Moscow introduces blockchain e-voting to overhaul smart-city plans

5 Dec 2017

Image: Aleksandr Rostemberskii/Shutterstock

The Moscow local government is looking to implement an often-discussed idea: an e-voting system built on blockchain.

While many issues have been raised (particularly in Ireland) surrounding e-voting and the potential for corruption or data security issues, the local government of Moscow is to plough ahead and test a new e-voting system built on blockchain.

Since 2014, the Active Citizen project has enabled almost 2m Muscovites to influence city management decisions and urban planning, but now it plans to overhaul the older online system by trialling blockchain e-voting.

As outlined before on, blockchain e-voting means a person’s vote would be timestamped with details of their last vote thanks to the encrypted algorithm, while an illegitimate one would be spotted more easily by a digital system, or even those within digital-savvy communities.

Moscow city officials claimed this would make it the first city in the world to implement blockchain in e-voting on such a large scale, but countries such as Estonia have already trialled blockchain-based e-voting for various state services.

Until now, the Active Citizen project and users could only receive election results through the website.

When every citizen becomes a node on the blockchain, however, Muscovites will be able to count the votes up and verify the authenticity of results in real time, thanks to its ability to create smart contracts.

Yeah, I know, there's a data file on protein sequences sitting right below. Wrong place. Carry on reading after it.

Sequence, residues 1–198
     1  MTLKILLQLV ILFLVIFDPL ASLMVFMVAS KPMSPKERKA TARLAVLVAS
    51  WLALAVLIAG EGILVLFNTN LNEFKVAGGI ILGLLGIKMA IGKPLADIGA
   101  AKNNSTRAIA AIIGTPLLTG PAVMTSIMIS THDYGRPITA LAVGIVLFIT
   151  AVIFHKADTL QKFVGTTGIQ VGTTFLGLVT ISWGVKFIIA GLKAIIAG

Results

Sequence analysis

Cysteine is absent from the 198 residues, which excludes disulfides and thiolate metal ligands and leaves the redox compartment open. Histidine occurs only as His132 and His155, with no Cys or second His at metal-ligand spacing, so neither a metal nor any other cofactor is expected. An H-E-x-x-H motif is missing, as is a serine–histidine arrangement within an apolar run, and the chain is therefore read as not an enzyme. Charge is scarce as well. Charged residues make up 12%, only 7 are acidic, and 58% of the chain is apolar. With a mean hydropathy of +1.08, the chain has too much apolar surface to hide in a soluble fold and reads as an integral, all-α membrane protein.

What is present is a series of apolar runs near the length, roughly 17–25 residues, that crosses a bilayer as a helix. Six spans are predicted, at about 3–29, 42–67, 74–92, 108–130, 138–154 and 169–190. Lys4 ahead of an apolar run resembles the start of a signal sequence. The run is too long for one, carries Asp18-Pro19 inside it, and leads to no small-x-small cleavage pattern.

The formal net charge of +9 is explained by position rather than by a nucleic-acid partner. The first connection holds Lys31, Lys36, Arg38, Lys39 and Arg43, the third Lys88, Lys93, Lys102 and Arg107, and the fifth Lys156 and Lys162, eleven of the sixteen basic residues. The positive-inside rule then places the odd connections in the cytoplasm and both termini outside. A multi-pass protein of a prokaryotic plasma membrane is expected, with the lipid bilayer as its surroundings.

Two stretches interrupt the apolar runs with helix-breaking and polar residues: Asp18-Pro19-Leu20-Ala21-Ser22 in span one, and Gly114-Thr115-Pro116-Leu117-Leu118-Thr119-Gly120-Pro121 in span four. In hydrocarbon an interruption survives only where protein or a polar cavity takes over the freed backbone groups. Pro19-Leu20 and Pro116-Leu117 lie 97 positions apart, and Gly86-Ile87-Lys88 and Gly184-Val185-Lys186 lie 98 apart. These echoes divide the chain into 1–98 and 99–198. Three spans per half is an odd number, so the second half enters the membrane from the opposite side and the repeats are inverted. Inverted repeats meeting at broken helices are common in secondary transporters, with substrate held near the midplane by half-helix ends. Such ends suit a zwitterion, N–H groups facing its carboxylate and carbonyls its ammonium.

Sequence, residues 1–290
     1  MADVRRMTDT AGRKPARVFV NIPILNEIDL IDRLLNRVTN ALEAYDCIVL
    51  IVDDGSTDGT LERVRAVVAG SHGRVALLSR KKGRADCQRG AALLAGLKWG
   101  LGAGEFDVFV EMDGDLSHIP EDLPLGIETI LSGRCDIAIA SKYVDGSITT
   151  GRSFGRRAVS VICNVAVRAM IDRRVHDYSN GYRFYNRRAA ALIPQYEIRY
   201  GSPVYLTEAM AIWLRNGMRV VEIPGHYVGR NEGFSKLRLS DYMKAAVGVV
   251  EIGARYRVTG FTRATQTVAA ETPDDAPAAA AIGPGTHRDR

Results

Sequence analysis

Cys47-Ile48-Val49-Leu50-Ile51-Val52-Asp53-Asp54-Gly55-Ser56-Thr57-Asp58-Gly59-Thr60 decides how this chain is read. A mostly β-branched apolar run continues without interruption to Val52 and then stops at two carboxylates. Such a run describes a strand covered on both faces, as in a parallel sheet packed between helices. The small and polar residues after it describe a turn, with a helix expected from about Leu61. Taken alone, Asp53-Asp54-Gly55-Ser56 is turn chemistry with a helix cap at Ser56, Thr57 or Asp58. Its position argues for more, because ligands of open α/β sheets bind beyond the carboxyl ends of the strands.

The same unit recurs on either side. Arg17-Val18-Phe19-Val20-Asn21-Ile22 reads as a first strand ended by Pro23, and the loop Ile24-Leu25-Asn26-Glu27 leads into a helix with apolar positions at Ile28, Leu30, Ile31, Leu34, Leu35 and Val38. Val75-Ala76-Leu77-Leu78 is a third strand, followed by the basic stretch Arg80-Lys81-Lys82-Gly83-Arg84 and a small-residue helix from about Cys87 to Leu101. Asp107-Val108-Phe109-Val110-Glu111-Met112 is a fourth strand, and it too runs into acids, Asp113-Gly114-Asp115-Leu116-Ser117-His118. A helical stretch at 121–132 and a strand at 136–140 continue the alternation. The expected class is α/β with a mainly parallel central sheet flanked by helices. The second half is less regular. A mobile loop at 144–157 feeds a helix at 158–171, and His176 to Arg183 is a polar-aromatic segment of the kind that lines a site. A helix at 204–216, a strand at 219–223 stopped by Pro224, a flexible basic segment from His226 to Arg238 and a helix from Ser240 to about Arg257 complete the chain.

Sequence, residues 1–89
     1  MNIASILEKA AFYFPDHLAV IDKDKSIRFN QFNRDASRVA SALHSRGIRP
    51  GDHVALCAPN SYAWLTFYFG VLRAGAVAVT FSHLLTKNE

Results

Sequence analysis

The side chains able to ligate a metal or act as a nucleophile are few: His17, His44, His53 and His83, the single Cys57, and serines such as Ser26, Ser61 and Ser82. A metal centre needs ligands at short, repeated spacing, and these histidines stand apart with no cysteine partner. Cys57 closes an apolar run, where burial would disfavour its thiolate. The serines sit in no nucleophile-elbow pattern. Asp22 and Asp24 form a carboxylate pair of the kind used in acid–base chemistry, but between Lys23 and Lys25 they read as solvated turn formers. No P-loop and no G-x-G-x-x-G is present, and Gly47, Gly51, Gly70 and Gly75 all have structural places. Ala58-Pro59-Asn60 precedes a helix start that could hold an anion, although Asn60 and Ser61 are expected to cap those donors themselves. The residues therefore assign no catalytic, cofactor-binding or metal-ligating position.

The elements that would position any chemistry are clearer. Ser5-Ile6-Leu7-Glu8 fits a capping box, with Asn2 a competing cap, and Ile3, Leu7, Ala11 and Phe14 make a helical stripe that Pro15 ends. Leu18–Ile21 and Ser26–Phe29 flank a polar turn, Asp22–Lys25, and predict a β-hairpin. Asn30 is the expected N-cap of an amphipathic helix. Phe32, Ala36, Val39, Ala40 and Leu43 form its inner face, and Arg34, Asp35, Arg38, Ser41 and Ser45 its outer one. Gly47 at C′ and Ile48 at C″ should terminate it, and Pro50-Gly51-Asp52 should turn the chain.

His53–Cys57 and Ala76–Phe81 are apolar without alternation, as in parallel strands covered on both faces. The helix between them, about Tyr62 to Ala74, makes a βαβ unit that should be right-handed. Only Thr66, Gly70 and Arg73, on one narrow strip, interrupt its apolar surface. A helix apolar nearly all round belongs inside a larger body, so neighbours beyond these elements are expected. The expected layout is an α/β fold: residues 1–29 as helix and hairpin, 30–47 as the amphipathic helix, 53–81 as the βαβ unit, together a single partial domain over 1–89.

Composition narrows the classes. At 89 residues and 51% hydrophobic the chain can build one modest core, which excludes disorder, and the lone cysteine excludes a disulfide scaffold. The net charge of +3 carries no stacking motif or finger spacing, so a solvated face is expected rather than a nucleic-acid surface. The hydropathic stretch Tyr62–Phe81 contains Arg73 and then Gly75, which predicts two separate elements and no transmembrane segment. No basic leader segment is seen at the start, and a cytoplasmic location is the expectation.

Aims for 2m users

The Moscow government said that every vote in Active Citizen will become a smart contract, which is “publicly viewable and transparent” but just shows that the person has voted.

Once the vote is placed, it will be listed in a ledger consisting of all votes cast across a peer-to-peer network.

It said this will guarantee that the data will not be lost or altered by someone after the vote is made, meaning there is no chance for fraud or third-party interference.

“We are excited to improve credibility and transparency of [the] e-voting system in Moscow by introducing blockchain,” said Artem Ermolaev, Moscow’s CIO.

“We believe that blockchain will increase trust between the citizens and the government. We aim to hit 2m users in the near future who are ready to influence the city life.”

If all goes well, Moscow will replicate it on other IT projects in the city.

Colm Gorey was a senior journalist with Silicon Republic